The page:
The bulbs are popping everywhere – tulips by the front walk, side yard, rock wall and in all of the containers. Daffodils by the kitchen. Crocuses in the back, side, and by the kitchen (though I haven’t seen the front ones yet). And even my little Easter planter from last year, relegated to a spot in the back and then ignored, is going full-force.

We have so much work to do in the yard – catch-up on a year and a half of haphazard yard work since the wasp incident in my third trimester, not to mention the normal seasonal stuff. There is just tons of weeding and pruning to do right now. We made a small dent –about a sixth of the rock wall, starting from the far left. Not terrible. I was playing with the panorama tool in Windows Live – here’s an 140-degree view of the rock wall in the back.

Taking out the holly tree really opened up that back corner – now we just need to do a ton of weeding. I’m thinking that if we got ahead of the weeding early (and did a very thorough job) and then mulched, it could be a great thing over the course of the summer?

And here’s one last happy shot of Kevin right before he took the kiddo inside (and let me spend another hour until it got too dark working without an increasingly cold toddler. Thanks, Kevin!!)

H. did a great job ferrying potting soil around from container to container, and gathering up a stick at a time and bringing it to the bin. Everyone has their tasks to complete. 🙂

Turtle Shirt

I thought I’d try appliquéing cute things on some of the plain toddler shirts we have. So I bought Heat-n-bond Lite (which seems to be the medium of choice for this sort of work on the blogs I read), and happened to also see a cute little bird stencil. While Kevin and the kiddo went to the grocery store last weekend, I set up camp in our office and traced, cut and ironed, and watched three shows of Jon Stewart online. Such a fun use of an hour. When the guys got back, I had this, just waiting to be sewed (I planned to embroider eyes and beaks and branches later):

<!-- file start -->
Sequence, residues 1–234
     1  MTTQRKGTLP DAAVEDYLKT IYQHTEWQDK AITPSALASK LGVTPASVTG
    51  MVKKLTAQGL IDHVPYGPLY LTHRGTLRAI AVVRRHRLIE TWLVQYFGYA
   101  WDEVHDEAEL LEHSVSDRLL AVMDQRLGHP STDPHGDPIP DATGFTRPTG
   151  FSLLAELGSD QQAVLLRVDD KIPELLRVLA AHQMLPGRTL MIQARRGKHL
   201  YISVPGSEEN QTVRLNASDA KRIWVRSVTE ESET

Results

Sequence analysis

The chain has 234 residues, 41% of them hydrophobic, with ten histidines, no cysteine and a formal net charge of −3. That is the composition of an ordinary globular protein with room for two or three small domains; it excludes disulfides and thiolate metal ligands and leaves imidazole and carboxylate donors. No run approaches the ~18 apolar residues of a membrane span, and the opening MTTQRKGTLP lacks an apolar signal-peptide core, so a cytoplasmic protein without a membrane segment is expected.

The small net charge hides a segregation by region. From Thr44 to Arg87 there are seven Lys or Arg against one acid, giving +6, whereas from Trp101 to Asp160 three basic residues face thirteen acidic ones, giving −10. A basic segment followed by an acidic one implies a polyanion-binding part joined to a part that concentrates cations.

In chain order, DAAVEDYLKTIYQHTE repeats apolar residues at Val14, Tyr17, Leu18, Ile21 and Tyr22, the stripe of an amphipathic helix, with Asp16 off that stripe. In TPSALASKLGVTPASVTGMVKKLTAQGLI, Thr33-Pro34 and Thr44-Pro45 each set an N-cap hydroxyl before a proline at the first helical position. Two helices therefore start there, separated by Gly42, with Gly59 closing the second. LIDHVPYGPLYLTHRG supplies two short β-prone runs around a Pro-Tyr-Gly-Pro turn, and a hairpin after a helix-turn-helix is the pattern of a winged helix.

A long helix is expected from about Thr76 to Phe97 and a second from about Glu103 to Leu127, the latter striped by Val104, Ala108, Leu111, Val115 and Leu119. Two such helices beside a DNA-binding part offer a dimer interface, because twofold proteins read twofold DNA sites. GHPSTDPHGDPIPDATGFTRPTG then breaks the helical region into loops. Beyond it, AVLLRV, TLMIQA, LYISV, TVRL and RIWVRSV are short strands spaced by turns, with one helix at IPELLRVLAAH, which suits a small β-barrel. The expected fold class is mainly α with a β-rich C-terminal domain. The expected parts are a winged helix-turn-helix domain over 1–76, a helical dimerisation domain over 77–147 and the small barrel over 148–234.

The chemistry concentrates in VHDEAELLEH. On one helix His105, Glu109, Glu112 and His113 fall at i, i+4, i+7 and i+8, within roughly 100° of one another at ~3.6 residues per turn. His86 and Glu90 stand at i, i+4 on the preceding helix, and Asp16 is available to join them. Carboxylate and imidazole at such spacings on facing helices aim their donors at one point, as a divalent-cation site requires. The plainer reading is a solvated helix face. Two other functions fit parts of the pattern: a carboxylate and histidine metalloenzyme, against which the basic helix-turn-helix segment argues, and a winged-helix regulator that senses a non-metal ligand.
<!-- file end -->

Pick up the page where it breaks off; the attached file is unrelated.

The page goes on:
So we took a break for dinner and bedtime, and then I sewed during the Patriots game. I started by hand – so slow. So then I switched to the machine, but it was hard to keep the shape of the line right on such small pieces, and then I had a string of bobbin catches as I worked. Frustrating – the birds would have been so cute. The last bobbin catch would not come unstuck, and I ended up tearing the shirt. Hmm. Lessons for next time? Bigger pieces (not teeny tiny curves), start on the slowest speed setting, and use the walking foot. Rather than totally giving the shirt up for lost, though, I ended up reverse appliquéing in a turtle print that I love.

Here’s the inside of the shirt – I used the pinking shears on all the edges, shirt and patch. The stitching was just very tight, small zig-zags.

If I did this exact same thing again, I’d do a double (back to back) layer of the cotton, since I think it’s probably more airy and colder than the jerset knit. There’s enough of the turtle fabric to make matching pants – perhaps I’ll get around to that at some point? Love those turtles.